Then, by adding augmented reality (AR) to the mix, any real-time information can be overlaid onto the device screen.
Given the prevalence of smartphones and mobile apps in their everyday lives, employees welcome the convenience they bring to their work
For example, healthcare apps on smart devices can scan medication information into a record in seconds—fully digitalising a hospital’s medication administration workflow procedures and improving safety in the process.
Or, by scanning a patient’s wristband, staff have instant visibility of dosages, allergy information, patient history, lab workups or inventory.
The AR-overlay displays this real-time information instantly after the barcode is scanned. It’s easy to envisage the time savings and reduced human error this approach provides.
Using this type of smart scanning injects new levels of speed, accuracy and flexibility to healthcare.
Mobile data capture and display devices deliver the same speed and accuracy as traditional, inflexible dedicated scanners. What’s more, the cost savings can help equip all staff with smart mobile scanning, rather than teams having to share a small number of dedicated devices. As a result, information and insight flows faster and more freely throughout the system, enabling staff to achieve more in less time and avoid errors.
The uses for mobile scanning apps in healthcare are numerous. From tracking medical equipment to automating manual data entry, mobile computer vision helps free up time to care for patients.
As the NHS enters the new decade, mobile computer vision and AR technologies can be key components in alleviating pressure on staff and building a healthcare system fit for purpose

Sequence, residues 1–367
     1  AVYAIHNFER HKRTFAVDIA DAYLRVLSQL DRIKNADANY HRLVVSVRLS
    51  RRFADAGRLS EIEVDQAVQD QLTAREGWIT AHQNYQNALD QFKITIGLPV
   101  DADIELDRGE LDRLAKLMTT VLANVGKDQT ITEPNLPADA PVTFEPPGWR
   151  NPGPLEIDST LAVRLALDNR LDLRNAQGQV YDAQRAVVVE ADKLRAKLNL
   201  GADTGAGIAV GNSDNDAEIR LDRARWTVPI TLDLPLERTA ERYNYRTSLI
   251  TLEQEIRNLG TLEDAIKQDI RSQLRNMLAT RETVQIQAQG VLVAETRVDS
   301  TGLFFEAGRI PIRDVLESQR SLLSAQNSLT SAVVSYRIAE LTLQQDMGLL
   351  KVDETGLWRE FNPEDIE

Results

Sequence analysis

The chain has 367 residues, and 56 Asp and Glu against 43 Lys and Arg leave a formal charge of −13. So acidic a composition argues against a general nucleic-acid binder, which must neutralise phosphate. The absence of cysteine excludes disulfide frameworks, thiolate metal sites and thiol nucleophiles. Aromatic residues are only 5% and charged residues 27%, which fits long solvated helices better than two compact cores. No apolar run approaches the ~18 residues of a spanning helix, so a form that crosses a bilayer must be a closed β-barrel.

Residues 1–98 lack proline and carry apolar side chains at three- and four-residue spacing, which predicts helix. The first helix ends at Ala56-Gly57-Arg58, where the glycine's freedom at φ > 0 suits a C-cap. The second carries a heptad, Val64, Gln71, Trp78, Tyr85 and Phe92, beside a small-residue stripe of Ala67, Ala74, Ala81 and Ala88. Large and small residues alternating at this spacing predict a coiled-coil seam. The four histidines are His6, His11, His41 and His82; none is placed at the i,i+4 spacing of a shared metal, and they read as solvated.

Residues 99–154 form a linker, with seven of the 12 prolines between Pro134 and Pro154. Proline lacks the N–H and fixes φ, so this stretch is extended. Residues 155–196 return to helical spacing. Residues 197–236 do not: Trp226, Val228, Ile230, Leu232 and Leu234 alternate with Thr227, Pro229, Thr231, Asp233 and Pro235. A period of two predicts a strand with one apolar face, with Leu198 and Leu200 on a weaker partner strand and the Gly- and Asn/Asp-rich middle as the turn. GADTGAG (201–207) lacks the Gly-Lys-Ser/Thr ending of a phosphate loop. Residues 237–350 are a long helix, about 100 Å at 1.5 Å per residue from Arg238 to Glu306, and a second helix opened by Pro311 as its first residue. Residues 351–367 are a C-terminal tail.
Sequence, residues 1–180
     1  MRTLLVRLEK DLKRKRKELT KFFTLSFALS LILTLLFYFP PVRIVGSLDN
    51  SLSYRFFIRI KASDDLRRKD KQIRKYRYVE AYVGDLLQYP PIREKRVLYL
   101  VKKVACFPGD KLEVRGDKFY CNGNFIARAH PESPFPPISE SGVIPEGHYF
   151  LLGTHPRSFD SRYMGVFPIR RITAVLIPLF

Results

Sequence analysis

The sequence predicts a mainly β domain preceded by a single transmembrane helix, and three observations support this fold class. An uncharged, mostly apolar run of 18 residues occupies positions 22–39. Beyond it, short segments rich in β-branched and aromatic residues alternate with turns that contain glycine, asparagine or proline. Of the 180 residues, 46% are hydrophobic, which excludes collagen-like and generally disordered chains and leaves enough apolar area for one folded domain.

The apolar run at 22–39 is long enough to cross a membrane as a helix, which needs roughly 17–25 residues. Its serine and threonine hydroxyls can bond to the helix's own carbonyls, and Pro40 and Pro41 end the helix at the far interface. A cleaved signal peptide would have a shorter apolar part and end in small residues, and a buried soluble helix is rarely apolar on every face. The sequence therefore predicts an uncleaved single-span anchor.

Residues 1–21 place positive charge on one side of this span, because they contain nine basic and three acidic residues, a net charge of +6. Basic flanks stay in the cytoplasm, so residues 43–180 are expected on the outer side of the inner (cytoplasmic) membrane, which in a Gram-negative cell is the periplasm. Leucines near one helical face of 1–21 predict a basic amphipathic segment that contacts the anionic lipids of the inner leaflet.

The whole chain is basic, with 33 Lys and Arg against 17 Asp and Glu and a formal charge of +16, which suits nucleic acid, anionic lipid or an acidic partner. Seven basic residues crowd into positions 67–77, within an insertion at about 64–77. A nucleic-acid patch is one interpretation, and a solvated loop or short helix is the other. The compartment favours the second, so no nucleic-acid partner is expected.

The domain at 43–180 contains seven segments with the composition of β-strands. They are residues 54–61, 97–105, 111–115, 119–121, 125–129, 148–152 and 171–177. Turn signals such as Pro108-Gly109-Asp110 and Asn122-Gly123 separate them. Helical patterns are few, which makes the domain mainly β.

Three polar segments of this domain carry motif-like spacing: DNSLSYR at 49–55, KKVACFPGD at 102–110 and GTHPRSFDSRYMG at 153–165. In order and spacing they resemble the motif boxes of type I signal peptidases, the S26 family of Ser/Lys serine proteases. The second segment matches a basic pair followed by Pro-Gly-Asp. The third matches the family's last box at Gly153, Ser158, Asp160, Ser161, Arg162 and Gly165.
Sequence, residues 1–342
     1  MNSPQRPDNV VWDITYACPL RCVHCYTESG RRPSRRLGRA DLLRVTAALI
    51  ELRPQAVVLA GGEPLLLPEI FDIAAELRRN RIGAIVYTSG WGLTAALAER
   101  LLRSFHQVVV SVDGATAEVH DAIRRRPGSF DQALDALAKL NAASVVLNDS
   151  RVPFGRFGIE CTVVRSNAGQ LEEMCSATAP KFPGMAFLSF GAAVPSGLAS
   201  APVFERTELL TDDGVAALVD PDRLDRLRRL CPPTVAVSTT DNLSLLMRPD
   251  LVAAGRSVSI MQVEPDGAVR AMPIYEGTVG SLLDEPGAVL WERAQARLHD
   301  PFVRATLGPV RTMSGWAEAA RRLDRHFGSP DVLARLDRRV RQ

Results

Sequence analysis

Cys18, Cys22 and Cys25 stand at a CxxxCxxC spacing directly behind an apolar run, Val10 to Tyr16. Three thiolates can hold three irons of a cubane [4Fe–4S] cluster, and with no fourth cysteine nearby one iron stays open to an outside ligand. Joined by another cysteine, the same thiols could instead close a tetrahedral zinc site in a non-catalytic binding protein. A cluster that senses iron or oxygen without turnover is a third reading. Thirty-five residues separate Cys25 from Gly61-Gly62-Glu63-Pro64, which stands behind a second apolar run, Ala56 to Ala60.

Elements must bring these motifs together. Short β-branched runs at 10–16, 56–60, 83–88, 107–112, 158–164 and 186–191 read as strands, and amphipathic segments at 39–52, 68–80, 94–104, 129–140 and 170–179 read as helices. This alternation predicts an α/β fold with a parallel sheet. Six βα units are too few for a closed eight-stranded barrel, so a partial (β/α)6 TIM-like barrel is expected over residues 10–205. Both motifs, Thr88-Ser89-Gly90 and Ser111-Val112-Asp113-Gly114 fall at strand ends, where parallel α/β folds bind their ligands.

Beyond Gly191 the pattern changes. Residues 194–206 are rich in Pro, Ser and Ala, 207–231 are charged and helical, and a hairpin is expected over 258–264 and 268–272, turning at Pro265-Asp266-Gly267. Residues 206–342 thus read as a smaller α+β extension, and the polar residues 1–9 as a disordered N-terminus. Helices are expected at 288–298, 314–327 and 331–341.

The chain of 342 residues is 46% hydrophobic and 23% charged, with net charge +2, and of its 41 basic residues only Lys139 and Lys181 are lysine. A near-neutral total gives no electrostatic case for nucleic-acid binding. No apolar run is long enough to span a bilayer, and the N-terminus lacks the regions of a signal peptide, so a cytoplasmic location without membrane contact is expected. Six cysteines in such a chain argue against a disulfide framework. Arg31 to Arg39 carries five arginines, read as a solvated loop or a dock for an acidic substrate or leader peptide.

For example, scanning instruments etched with barcodes before and after surgery is a key process to achieve transparent, cost-efficient and reliable tracking of surgical equipment.
Certain apps benefit from advanced software that scans multiple barcodes at once, found on specimens, blood bags, or medication, to search, find and highlight specific items.
The UK is looking for a healthcare model which places care and efficiency at its heart. Speeding up processes and providing doctors, nurses and clinicians with improved insights will help them devote their time and energy to their patients.
The NHS recognises the importance of embracing technology and digitalising practices in its long-term plan. By doing this, it can become more agile, and use operational changes to help improve quality of care across the organisation.
This kind of digital healthcare does not necessarily need largescale investment into new IT systems to be feasible. It can be done with highly cost-effective mobile devices and software.
This kind of digital healthcare does not necessarily need largescale investment into new IT systems to be feasible
Smart devices are not only easily accessible for staff, but also provide a platform to consign siloed operations and paper records to history.
As the NHS enters the new decade, mobile computer vision and AR technologies can be key components in alleviating pressure on staff and building a healthcare system fit for purpose.--